Country Risk Rating

Political and economic uncertainties and an occasionally difficult business environment can affect corporate payment behavior. Corporate default probability is appreciable. - Source: Coface

Business Climate Rating

The business environment is difficult. Corporate financial information is often unavailable and when available often unreliable. Debt collection is unpredictable. The institutional framework has many troublesome weaknesses. Intercompany transactions run major risks in the difficult environments rated C.


  • One of the most stable democracies in Africa
  • Significant financial support from donors (ODA, HIPC, and MDRI)
  • Strategic location (access to the sea for landlocked countries) 


  • High levels of povery
  • Narrow and volatile export base (dependent on fluctuations in cotton price)
  • Erratic electricity supply
  • Governance shortcomings
  • Activity and tax revenues impacted by Nigeria's economic policy decisions
  • Terrorist threat (Boko Haram) from neighboring Nigeria

Current Trends

Continuation of Favorable Growth

Growth is expected to continue on an upward trajectory in 2018, thanks to the moderate economic recovery in Nigeria and improved agricultural performance. Cotton production especially, in the absence of a major climate shock, is likely to rise, as is the cotton price. Growth will also be maintained by public and private investment, especially in connection with the government’s action plan: “Benin Revealed”, costing USD 15 billion over five years (2016-2021), i.e. 170% of GDP and focusing on infrastructure, energy, tourism and agriculture. The recently signed public-private partnership law should stimulate participation by the private sector. With the aim of making growth more inclusive and eradicating poverty, the government will continue programs to reduce the isolation of the most remote regions, notably thanks to the completion of a railway line connecting Cotonou to Niamey, which will also boost activity at the Port of Cotonou. Private consumption trends will remain dynamic overall, while inflation in 2018 is expected to remain below the 3% threshold fixed by WAEMU, in a context of gradually rising domestic demand and higher prices for various import products (fuel, foodstuffs).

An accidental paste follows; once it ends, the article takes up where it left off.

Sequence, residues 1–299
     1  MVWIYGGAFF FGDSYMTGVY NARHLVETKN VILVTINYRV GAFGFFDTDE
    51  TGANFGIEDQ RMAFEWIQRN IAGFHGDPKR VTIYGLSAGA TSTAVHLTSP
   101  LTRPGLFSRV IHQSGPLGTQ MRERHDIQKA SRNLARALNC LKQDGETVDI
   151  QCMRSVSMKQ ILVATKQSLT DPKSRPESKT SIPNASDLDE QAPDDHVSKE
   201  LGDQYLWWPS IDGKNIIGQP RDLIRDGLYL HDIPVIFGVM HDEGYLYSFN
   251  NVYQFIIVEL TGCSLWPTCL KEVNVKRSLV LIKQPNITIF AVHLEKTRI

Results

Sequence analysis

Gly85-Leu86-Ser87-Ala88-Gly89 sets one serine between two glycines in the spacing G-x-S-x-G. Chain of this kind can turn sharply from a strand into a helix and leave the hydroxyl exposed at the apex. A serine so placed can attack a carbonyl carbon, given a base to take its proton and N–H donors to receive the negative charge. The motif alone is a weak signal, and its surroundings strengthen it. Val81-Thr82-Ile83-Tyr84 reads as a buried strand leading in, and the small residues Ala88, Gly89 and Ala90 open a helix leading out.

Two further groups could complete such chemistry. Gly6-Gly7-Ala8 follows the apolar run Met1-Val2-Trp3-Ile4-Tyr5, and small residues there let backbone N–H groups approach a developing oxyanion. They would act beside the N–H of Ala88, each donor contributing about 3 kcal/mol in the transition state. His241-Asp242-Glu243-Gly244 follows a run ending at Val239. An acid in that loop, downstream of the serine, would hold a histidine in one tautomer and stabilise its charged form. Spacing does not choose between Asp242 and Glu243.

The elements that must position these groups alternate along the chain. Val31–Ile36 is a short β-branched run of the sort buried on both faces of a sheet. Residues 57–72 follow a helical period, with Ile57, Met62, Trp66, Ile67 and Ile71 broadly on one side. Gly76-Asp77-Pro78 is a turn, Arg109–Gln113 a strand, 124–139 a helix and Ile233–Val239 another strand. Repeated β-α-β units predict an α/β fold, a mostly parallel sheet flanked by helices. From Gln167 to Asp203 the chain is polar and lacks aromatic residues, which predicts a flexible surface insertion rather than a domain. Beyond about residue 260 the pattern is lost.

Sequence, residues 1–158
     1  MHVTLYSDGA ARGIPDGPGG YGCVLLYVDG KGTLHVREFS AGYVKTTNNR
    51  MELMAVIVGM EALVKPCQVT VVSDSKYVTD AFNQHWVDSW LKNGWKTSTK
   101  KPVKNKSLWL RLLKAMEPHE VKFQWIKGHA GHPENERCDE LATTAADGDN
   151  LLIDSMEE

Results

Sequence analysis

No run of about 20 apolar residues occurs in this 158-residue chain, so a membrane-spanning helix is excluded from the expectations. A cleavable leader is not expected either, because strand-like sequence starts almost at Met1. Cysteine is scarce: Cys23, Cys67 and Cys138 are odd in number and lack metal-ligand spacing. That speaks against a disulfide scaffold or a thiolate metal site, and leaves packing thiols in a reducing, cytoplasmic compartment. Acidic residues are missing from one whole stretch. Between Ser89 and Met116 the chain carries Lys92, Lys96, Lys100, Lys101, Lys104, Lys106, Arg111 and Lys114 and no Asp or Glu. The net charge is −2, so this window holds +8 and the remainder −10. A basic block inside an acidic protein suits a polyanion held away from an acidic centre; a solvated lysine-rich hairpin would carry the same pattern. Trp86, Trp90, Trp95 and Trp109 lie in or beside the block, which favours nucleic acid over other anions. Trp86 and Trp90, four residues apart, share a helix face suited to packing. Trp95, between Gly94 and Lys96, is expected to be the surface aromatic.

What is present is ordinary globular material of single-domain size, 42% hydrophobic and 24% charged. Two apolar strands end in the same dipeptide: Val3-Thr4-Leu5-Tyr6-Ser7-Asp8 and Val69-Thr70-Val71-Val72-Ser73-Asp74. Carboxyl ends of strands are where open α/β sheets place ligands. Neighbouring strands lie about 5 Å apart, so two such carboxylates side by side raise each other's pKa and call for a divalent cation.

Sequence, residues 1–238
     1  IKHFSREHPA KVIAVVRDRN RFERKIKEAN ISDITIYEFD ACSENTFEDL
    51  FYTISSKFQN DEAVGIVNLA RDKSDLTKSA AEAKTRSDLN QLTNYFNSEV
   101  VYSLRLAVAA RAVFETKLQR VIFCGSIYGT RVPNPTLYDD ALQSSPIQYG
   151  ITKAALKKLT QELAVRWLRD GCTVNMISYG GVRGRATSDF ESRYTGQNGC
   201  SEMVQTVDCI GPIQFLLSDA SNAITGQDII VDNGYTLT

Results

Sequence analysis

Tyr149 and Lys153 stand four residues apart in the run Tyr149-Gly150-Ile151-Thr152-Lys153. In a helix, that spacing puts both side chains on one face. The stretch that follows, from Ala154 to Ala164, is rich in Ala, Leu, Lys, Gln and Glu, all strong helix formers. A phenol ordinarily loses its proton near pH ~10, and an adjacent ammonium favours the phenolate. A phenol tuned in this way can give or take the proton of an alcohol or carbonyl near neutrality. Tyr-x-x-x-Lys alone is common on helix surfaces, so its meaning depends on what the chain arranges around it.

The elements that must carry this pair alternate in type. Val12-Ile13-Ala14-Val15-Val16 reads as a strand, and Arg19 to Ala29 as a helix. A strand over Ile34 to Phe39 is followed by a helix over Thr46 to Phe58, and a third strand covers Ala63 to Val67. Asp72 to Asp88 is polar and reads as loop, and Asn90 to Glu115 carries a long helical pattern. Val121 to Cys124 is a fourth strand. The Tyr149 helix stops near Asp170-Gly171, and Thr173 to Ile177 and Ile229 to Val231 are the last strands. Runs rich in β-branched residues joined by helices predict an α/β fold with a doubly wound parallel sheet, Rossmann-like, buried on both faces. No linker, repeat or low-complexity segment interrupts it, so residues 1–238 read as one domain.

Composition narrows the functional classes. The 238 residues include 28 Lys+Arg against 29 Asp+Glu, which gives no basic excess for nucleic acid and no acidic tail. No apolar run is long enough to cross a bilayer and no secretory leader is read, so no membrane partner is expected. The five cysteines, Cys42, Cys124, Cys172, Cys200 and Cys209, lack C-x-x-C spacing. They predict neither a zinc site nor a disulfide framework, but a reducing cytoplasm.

Gradual Adjustment to the Current Account and Fiscal Deficits

While expansionary policies have put a considerable strain on deficit and debt in recent years, the government is expected to adopt a more restrictive approach in 2018 through a certain number of reforms aimed at rationalizing spending and modernizing the fiscal and customs regimes. Moreover, the IMF’s approval in April 2017 of a three-year arrangement under the Extended Credit Facility for an amount of USD 151 million is expected to facilitate the reform program and thus restore investor confidence.

The current account deficit is expected to persist, but will reduce in 2018 due to an improved trade balance. Exports (44% of which is cotton) are expected to increase significantly thanks to rising cotton production, accompanied by more dynamic external – particularly regional – demand, thanks to the Common External Tariff. Imports are likely to remain relatively as dynamic as before due to the considerable volume of imports of capital goods and domestic demand. Informal trade continues to occupy a predominate position, with transit trade and re-export trade to Nigeria representing 20% of GDP. Remittances from expatriate workers (of which almost half come from Nigeria) and aid should lead to a higher surplus in the balance of transfers. The current account deficit is mainly financed by concessional loans and by flows of FDIs associated with the activity of public-private partnerships for infrastructure services.

A Commitment to Reform by a President Facing Popular Discontent

Businessman Patrice Talon won the presidential elections in March 2016. He has set out an ambitious program of reforms, aimed, in particular, at restoring investor confidence; especially via prioritizing an improvement in a business climate that is marked by corruption, patronage, red tape and a weak regulatory framework.

Despite some progress on business start-ups and insolvency resolution – the World Bank’s Doing Business report ranks the country 155th out of 190 countries (153rd in 2016) – progress is slow, and his popularity amongst the public is crumbling in a context of rising popular discontent linked to the lack of social progress. Moreover, the rejection of the single-term presidency plan, although supported by President Talon, could result in him standing again in the next elections in 2021 despite having said he would abstain. Nonetheless, the new coalition formed in May 2017 and composed of 59 members of parliament brought together to form the BMP (majority bloc of parties in the National Assembly) supports the president, which could potentially speed up the implementation of the reforms.


Coface (01/2018)